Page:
Taiwan Plans to Shift Medical Supply Chain Away from China - The News Lens International Edition


Published by INTERNATIONAL.THENEWSLENS.COM

Summary generated on August 12, 2020


    TAIPEI - The United States and Taiwan are making a public show of strengthening ties this week, signing a memorandum of understanding to improve cooperation in public health as part of a high-level U.S. visit to the island.

    In the absence of formal diplomatic ties, the MOU was signed on Monday by W. Brent Christensen, director the American Institute in Taiwan, and Yang Jen-ni, chairwoman of the Taiwan Council for U.S. Affairs on behalf of the Taipei Economic and Cultural Representative Office in the United States.

    Three Taiwanese industry experts who spoke to VOA say the memorandum will bring business opportunities to Taiwan, especially if the U.S. provides technology transfers in advanced medical material to support Taiwan's public health industry.

    That will enable Taiwan to begin shifting its medical supply lines away from China and towards the United States.

    Darson Chiu, a research fellow at the Taiwan Institute of Economic Research, told VOA that the coronavirus pandemic has prompted Taiwan's policymakers to reassess Taiwan's reliance on raw materials from China.

    He said, as an example, that China has used masks made in Taiwan since the Covid-19 pandemic that were produced without elements produced in China.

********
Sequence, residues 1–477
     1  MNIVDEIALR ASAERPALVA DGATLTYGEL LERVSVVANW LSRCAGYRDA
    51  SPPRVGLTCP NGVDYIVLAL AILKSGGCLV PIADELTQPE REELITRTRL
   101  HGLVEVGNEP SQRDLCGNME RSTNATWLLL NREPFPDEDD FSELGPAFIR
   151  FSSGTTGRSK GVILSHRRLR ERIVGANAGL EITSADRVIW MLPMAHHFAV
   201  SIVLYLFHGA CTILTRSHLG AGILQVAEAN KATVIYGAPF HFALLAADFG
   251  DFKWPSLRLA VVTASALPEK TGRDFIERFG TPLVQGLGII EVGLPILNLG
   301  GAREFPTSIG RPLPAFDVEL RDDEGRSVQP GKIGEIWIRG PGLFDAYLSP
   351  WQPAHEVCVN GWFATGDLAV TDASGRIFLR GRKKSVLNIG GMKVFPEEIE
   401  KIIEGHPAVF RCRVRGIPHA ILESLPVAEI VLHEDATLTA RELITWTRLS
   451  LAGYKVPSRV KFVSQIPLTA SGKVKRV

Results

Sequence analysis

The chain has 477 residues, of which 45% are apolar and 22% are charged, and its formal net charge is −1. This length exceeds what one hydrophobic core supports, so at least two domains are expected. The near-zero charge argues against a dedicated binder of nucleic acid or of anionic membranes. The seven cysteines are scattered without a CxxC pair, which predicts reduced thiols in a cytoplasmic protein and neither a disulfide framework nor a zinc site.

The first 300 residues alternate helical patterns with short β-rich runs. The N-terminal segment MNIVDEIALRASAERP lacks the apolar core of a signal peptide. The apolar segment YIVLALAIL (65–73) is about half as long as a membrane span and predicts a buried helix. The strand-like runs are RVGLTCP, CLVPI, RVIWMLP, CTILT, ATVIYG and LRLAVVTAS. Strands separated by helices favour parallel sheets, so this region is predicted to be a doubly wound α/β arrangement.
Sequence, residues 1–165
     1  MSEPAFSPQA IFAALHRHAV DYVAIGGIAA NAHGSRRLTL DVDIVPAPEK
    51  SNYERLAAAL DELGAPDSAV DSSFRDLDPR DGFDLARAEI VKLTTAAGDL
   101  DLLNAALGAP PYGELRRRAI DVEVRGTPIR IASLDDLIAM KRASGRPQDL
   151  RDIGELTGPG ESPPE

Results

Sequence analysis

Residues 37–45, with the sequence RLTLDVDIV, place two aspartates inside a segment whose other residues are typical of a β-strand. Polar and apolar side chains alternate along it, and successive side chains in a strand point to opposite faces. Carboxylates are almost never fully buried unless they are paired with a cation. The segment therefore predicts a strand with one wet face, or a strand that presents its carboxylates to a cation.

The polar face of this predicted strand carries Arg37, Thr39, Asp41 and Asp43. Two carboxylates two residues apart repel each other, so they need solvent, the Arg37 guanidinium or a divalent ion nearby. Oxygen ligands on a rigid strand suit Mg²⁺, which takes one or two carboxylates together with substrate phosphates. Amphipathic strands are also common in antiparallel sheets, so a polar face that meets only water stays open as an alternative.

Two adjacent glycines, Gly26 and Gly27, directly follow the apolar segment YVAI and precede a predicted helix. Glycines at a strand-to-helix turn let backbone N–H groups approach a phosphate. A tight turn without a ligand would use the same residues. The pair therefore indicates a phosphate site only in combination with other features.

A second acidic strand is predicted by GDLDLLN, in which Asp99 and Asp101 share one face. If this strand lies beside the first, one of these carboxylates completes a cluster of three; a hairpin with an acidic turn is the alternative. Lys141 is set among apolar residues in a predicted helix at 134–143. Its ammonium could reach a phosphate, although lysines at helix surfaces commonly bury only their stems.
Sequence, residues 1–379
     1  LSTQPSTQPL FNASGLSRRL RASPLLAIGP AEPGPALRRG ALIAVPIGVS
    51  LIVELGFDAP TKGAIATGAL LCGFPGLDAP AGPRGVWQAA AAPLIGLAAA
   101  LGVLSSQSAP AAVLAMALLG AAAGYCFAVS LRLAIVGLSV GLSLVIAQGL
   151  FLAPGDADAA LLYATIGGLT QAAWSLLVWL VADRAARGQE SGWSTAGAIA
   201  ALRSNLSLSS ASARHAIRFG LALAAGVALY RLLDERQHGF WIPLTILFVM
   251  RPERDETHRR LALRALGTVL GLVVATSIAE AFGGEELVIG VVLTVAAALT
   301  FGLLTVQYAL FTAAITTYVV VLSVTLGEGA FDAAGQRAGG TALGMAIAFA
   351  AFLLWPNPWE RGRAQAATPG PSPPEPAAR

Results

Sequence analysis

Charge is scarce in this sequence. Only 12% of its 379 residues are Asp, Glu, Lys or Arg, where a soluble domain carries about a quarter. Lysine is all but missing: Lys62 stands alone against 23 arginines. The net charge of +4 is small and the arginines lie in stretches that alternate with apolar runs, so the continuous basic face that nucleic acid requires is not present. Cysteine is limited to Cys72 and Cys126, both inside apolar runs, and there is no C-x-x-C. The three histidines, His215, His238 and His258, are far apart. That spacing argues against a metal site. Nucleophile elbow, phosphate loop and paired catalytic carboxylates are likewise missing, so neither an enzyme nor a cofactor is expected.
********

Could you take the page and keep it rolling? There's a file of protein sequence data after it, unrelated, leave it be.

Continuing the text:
Previously, Taiwanese companies either imported raw materials from China for low-cost products, or sent high value semi-finished medical equipment or other public health products to China for assembly, before exporting these goods to other markets.

    Aaron Chen, the chief operating officer of TCI, said collaboration with Taiwan is consistent with America's public health policy needs.

    TCI is a leading contract research manufacturing organization based in Taiwan.

    He said an option is for the U.S. to shift part of this supply chain to Taiwan.

    Chan Chang-chuan, former dean of National Taiwan University College of Public Health, told VOA that there's another important playing card in Taiwan's public health industry.

    He hopes the new memorandum of understanding will facilitate collaboration and investment in biotech firms between the U.S. and the island.

    The News Lens has been authorized to publish this article from Voice of America.

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